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Oxidative Medicine and Cellular Longevity
Volume 2013, Article ID 940603, 6 pages
Review Article

Phosphorylation of Tau Protein as the Link between Oxidative Stress, Mitochondrial Dysfunction, and Connectivity Failure: Implications for Alzheimer’s Disease

1Douglas Hospital Research Center, Department of Psychiatry, McGill University, Montreal, QC, Canada H4H 1R3
2UTSA Neurosciences Institute and Department of Biology, College of Sciences, University of Texas at San Antonio, San Antonio, TX 78249, USA
3Department of Pathology, Case Western Reserve University, Cleveland, OH 44106, USA
4Center for Neuroscience and Cell Biology, University of Coimbra, 3000-354 Coimbra, Portugal
5Faculty of Medicine, Institute of Physiology, University of Coimbra, 3000-548 Coimbra, Portugal
6Faculty of Medicine, Université de Montreal, QC, Canada H3C 3J7

Received 11 December 2012; Accepted 6 June 2013

Academic Editor: Grzegorz A. Czapski

Copyright © 2013 Siddhartha Mondragón-Rodríguez et al. This is an open access article distributed under the Creative Commons Attribution License, which permits unrestricted use, distribution, and reproduction in any medium, provided the original work is properly cited.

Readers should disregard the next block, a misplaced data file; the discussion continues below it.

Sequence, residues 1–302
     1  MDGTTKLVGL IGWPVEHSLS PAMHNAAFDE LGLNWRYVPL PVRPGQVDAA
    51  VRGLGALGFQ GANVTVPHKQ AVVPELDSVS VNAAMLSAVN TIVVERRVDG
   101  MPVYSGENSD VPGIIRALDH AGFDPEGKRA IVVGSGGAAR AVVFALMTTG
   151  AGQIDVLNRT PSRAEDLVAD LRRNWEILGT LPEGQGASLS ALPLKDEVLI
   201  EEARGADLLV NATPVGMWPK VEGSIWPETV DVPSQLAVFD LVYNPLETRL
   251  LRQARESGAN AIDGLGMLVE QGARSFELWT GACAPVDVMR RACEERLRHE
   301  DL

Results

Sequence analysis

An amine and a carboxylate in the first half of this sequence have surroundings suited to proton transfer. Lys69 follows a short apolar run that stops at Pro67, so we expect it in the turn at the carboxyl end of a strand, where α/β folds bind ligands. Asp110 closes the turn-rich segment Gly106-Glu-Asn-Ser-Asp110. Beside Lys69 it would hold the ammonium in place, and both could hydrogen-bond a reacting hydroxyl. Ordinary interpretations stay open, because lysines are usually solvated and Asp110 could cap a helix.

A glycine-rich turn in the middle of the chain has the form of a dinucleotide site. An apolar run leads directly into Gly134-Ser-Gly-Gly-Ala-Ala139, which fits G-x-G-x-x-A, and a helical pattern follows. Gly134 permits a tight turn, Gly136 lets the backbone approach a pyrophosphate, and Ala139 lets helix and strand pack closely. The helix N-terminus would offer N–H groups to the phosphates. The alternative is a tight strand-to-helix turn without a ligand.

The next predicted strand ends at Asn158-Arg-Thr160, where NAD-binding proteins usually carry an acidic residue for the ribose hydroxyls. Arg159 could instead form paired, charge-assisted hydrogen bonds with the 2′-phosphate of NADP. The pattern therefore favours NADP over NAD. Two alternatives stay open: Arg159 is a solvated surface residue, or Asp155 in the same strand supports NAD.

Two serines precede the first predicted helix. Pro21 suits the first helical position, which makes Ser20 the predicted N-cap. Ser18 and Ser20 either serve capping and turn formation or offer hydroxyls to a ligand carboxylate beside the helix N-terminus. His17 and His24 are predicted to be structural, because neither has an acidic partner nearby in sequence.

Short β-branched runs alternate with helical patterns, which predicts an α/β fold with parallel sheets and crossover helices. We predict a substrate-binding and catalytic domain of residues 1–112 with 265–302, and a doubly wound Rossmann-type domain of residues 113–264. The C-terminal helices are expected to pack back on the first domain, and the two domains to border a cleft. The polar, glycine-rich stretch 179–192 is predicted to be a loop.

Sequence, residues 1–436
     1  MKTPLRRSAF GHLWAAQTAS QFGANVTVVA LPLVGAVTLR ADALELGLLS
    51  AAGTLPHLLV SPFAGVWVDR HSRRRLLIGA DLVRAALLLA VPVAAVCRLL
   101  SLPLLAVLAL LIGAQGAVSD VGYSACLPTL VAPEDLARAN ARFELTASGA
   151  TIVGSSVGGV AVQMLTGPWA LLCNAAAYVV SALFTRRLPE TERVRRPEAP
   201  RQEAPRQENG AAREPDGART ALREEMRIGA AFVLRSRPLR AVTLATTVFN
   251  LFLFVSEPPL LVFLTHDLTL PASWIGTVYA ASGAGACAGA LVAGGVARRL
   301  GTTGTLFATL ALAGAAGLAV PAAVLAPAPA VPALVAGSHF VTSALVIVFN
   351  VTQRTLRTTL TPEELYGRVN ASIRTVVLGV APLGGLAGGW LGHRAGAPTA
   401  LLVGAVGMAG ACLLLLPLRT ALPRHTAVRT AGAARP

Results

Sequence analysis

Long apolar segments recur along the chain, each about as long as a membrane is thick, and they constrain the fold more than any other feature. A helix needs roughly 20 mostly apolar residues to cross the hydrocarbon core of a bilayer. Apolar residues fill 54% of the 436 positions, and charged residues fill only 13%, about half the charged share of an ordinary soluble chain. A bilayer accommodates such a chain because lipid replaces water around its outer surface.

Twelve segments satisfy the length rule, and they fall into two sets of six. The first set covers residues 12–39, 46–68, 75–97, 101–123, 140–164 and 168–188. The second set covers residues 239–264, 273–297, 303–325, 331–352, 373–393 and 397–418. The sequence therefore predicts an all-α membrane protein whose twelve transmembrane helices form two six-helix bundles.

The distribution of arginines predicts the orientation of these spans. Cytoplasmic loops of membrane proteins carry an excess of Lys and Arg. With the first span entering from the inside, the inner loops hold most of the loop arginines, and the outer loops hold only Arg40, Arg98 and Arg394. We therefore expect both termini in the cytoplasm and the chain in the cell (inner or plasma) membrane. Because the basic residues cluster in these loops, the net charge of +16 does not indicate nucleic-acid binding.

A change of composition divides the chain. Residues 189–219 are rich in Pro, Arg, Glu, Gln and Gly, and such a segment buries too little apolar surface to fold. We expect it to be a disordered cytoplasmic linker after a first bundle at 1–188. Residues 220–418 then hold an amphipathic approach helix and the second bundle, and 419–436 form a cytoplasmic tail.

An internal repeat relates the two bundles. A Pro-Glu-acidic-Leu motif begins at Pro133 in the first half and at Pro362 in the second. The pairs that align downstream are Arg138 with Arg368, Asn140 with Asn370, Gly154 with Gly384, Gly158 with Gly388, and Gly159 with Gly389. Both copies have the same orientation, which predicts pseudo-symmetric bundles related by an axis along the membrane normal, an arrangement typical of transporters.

Alzheimer’s disease (AD) is defined by the concurrence of abnormal aggregates composed of phosphorylated tau protein and of abnormal cellular changes including neurite degeneration, loss of neurons, and loss of cognitive functions. While a number of mechanisms have been implicated in this complex disease, oxidative stress remains one of the earliest and strongest events related to disease progression. However, the mechanism that links oxidative stress and cognitive decline remains elusive. Here, we propose that phosphorylated tau protein could be playing the role of potential connector and, therefore, that a combined therapy involving antioxidants and check points for synaptic plasticity during early stages of the disease could become a viable therapeutic option for AD treatment.